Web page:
Today, ACT Inc. released its latest report of student performance for the high school graduating class of 2013 showing that although most aspire to get a college degree, the majority are not academically ready.
Just 26 percent of test-takers met all of the ACT college-readiness benchmarks in English, reading, math, and science. There were 39 percent who met three or more, but also 31 who did not meet any of the standards, which represent a score predicted to be high enough to likely score a B or C in a college-level course.
(For the complete story, go to the Education Week homepage.)
Other interesting findings, not in the main ACT story, include information about students’ future college and career plans.
Aspirations to attend college are high, with about 87 percent of 2013 class test-takers wanting to attain at least a two-year postsecondary degrees, ACT reports. About 44 percent would like to earn a bachelor’s degree, and 36 percent say graduate-level work is their goal. Aspirations did not vary much by racial/ethnic group, although more Asians say graduate school was in their future.
Unfortunately, those high hopes don’t translate into degrees for many students, and the odds are particularly worse for students of color and those from low-income families. Success is linked to more than grades.
ACT officials emphasize success in college and career takes not only academic knowledge, but also personal skills, such as grit. By looking at the responses of 8th graders who took the ACT Explore and ACT Engage assessments, ACT has evidence that students with higher levels of motivation, social engagement, and self-regulation behavior are more likely to get higher grades, enroll in more activities, and have fewer disciplinary issues in high school and enroll in college.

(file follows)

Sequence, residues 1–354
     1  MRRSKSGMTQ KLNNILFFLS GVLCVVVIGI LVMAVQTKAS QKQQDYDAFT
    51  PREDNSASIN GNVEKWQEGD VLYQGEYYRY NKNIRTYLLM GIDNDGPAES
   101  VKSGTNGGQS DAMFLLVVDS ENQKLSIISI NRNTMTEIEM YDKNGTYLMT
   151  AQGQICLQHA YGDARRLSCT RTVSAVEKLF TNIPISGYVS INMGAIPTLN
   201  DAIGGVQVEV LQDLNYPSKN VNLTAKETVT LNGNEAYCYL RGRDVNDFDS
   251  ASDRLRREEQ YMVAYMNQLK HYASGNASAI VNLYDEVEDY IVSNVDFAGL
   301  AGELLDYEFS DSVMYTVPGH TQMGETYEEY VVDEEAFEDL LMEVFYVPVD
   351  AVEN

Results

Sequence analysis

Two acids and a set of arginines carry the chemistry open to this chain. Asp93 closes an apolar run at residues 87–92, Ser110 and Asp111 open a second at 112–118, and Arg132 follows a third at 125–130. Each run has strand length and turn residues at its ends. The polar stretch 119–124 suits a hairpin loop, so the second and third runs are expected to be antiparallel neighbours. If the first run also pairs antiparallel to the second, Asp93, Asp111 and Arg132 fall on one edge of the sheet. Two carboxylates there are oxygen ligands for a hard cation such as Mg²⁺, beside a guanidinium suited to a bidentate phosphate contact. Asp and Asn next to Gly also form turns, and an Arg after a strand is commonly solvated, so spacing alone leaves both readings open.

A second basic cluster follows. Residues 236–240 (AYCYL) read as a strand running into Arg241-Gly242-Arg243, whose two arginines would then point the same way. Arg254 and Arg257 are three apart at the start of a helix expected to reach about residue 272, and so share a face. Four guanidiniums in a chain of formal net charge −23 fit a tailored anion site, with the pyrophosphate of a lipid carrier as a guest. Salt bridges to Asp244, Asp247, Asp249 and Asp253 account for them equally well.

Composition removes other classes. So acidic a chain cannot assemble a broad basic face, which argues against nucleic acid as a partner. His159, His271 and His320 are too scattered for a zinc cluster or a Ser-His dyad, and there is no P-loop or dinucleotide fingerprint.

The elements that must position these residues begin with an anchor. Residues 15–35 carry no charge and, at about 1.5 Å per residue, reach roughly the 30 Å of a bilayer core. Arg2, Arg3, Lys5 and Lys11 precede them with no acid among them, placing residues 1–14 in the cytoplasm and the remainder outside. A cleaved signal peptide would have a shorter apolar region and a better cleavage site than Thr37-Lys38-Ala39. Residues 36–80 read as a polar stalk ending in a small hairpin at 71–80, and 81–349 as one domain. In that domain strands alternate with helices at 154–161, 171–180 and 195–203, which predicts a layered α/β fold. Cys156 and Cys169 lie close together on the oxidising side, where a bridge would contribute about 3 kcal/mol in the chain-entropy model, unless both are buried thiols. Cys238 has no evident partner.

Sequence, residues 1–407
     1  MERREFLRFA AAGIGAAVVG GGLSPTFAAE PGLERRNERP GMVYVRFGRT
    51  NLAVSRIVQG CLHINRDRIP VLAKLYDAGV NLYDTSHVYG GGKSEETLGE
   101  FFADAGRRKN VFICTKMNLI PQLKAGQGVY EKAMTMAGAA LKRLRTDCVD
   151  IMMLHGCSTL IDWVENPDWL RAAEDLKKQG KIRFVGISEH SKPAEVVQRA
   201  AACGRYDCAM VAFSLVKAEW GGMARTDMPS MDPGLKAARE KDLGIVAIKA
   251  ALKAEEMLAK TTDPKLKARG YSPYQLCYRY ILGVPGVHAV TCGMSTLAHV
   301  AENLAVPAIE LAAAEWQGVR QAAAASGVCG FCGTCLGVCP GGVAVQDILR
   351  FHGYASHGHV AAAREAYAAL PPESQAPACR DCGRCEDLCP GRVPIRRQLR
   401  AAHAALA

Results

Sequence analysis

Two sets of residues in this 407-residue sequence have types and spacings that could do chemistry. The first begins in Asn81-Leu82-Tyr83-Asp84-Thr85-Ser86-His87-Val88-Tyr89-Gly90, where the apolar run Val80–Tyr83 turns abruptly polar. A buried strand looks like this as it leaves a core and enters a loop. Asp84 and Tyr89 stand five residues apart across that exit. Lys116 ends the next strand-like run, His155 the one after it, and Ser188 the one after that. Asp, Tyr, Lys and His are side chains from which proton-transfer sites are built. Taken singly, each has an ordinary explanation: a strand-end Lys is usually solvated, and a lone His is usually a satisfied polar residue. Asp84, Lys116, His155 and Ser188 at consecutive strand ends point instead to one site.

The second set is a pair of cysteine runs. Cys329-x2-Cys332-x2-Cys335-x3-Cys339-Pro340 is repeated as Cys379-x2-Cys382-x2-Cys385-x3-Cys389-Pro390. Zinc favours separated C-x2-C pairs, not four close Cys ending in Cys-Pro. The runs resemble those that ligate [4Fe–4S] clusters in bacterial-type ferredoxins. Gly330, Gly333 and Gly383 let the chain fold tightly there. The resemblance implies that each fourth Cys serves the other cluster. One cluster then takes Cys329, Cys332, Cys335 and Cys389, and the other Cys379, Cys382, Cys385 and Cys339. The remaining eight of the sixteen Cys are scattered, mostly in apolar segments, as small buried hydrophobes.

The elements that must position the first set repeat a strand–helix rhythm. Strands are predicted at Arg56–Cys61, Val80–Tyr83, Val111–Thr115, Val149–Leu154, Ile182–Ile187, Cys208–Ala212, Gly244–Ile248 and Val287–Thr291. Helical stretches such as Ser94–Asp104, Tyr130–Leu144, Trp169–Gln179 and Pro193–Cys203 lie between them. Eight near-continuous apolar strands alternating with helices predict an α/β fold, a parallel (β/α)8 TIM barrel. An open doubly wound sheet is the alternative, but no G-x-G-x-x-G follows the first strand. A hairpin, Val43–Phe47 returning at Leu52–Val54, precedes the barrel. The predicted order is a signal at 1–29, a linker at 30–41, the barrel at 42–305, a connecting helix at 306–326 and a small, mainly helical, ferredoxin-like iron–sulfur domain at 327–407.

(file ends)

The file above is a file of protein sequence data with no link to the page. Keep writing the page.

Experts say this means families, counselors (high school and college), mentors, and others need to guide young people and help equip them with the life skills needed to not only survive, but thrive in college.
Another part of the new ACT report looks at the fastest-growing career fields in the next decade: education, computer/information specialties, community service, management, and marketing/sales. According to the responses of the class of 2013 test-takers, not enough students are expressing interest in those fields to keep up with the demand.
For example, while job openings in computer/information specialties are expected to account for 11 percent of all job openings in 2020, just 2 percent of ACT test-takers expressed an interest in that field. In education, projections are that 17 percent of job openings will be in education, and just 6 percent of students will want to pursue that as a career.
For the first time, in the 2013 class, ACT asked students about their interest in STEM careers and examined how that matched their college readiness by subject. Of the recent high school graduates taking the ACT, one in 10 expressed an interest in a STEM major or occupation. Those who gravitated to those fields were more likely to have met the ACT college-readiness benchmarks in all four subject areas.
A version of this news article first appeared in the College Bound blog.